# Integration by substitution

## Homework Statement

Evaluate the definate integral of the following
$$\int$$ (from 1 to 2) $$\frac{sin t}{t}$$ dt

## The Attempt at a Solution

I am actually stuch from the very beginning.
I tried to set u=sin(t) but this doesn't help much because (sint)'=cost and
this is going to make the problem more complicated.
I also set u=1/t but the derivative of 1/t has nothing to do with
the function as well.

(Perhaps I shouldn't integrate the function by substitution)

I set:
u=sint dv=1/t dt
du=-cost v=lnltl

$$\int$$ [from 1 to 2] (sint)(1/t) dt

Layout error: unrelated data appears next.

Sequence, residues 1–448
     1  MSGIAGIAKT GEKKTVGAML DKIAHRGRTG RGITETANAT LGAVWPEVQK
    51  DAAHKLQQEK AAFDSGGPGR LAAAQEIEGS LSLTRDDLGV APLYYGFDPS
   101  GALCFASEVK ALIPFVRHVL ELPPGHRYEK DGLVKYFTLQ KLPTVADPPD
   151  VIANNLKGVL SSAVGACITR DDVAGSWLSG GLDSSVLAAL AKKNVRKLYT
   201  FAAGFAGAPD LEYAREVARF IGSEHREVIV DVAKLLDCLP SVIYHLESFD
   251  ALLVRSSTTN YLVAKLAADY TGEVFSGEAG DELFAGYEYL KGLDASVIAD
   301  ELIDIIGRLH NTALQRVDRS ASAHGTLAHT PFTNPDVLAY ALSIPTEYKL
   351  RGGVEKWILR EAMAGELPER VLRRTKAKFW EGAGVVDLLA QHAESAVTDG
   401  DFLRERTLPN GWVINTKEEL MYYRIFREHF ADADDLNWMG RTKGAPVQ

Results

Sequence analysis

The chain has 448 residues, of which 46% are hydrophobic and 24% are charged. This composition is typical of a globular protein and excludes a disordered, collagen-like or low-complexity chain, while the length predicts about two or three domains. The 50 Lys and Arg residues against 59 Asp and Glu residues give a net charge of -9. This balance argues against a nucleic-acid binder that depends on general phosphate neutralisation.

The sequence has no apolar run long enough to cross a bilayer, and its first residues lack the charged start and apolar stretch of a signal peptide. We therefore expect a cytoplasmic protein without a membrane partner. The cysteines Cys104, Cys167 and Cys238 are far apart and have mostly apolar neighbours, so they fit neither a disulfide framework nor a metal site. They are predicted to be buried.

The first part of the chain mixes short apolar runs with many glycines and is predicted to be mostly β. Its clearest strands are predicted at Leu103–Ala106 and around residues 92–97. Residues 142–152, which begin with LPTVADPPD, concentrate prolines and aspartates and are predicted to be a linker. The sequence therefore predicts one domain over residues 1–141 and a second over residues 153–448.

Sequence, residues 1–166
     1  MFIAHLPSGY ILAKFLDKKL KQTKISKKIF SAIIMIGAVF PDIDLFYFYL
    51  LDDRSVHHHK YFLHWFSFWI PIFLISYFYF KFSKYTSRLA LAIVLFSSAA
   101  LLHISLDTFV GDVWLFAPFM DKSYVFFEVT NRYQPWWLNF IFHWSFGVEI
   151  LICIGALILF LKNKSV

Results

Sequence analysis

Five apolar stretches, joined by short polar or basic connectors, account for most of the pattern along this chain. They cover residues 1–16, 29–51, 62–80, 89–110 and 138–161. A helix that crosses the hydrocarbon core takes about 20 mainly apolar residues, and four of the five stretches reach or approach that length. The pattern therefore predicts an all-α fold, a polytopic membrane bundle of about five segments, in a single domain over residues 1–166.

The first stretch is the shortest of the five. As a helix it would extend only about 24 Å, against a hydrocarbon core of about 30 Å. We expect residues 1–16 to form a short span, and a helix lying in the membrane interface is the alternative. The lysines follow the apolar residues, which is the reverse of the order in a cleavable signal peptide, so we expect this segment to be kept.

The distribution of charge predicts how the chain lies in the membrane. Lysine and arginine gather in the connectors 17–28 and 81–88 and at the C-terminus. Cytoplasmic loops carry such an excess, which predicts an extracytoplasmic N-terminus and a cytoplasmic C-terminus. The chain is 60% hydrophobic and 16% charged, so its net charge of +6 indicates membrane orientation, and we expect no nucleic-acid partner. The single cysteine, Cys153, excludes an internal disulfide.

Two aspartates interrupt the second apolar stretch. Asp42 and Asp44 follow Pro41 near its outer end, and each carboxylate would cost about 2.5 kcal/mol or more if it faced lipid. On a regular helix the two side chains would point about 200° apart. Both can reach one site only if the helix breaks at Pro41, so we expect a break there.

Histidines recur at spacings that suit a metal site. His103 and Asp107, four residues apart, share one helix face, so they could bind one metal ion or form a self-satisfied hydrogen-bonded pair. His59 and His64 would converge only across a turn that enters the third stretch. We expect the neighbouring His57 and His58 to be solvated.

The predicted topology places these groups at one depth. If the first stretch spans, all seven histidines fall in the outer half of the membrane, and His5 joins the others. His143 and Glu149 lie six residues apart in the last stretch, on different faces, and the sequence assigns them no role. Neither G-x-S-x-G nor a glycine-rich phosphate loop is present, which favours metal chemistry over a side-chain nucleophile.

= [(sint)(lnltl)]$$^{1}_{2}$$ -$$\int$$[from 1 to 2] lnltl (-cost)

How do I integrate the red part?
should I do the by parts again?

Well...I do not think there is any closed form of that integral.(To my knowledge) You may need something more than integration by parts.

\int_1^2

\frac 1 t or \frac{1}{t} - use the brackets when you have more than one letter per term

Or maybe you were lazy

roco, where did you learn the \int_1^2 notation? I never figured it out, at least not from the latex code reference PDF file.

roco, where did you learn the \int_1^2 notation? I never figured it out, at least not from the latex code reference PDF file.
$$\int_1^2$$

Click on the latex and you will see the code.